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The Business of War (II)

The Business of War (II)

Written by Alfonso Elizondo

Although since 2012 global military spending has declined as a result of the economic and financial crisis that is affecting the entire world today, it has not been in the purchase of weapons, but in staff cuts and reductions in pensions and salaries. In fact, the budget for the purchase of weapons in the EU went from 38 billion euros in 2006 to 42.9 in 2010, while staff cuts represented 98.7 billion euros during the same period.

 

In essence, the constant high military spending has created a surge in weapons companies and given a greater boost to weapons exports. In 2011 the hundred largest weapons companies in the world sold 318 billion euros, 51% more than in 2002.

 

The sales of these 100 companies have increased by 60% globally and are far from being affected by the financial crisis. The presidents of European countries have promoted the sale of weapons in Arab countries, thereby helping those corrupt dictatorial governments to repress their citizens.

 

That’s also the case of Spain, which in 2012 defended the sale of Leopard 2 war tanks to Saudi Arabia when its Defense Minister was director of two companies that supply guns and security to his country’s own armed forces. These were the Spanish subsidiary of the multinational company MBDA that produced missiles and Segur Ibérica that provides private security services.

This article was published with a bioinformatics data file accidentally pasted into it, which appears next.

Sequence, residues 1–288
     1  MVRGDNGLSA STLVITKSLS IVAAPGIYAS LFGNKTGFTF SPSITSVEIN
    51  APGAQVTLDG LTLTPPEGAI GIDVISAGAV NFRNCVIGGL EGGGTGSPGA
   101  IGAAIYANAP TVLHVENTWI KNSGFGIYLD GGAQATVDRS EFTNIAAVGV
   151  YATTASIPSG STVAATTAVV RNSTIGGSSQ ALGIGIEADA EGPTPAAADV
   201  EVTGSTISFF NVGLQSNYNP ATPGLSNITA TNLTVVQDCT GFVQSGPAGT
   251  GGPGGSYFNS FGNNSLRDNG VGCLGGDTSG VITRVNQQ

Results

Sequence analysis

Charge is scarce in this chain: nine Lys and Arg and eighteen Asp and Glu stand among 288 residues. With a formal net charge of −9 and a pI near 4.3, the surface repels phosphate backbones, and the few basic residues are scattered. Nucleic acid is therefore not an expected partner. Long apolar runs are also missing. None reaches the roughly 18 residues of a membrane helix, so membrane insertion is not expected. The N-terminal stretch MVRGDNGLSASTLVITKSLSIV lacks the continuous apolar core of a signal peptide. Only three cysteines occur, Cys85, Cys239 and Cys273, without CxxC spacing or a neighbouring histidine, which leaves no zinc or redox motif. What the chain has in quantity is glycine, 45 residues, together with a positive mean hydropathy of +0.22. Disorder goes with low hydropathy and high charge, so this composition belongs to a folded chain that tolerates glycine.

The Minister of Defense was also an advisor and representative of the company Instalaza, S.A. that had been a manufacturer of cluster bombs (which release a large number of small bombs when opened) until 2008 when they were used in Libya against the civilian population, according to a report by The New York Times.

 

Even so, Spain is one of the countries in the European Union that spend the least on weapons. According to its Finance Minister, Spain spends 0.6% of its GDP, or about 6 billion euros, on weapons, although the official report from that ministry indicates that the Defense Ministry had at its disposal more than 9 billion euros, 50% more than expected.

 

Back to the world stage, there is no doubt that with Trump at the head of the US Government, the business of war will continue to grow at a great pace, even if it bankrupts almost all the major economies of the world, given that the possession of weapons of mass destruction is still the main item that controls the life of the world. To this basic item has gradually been added a dose of cruelty against the weakest people that has not stopped since the right to land ownership appeared on Planet Earth about 9,000 BC.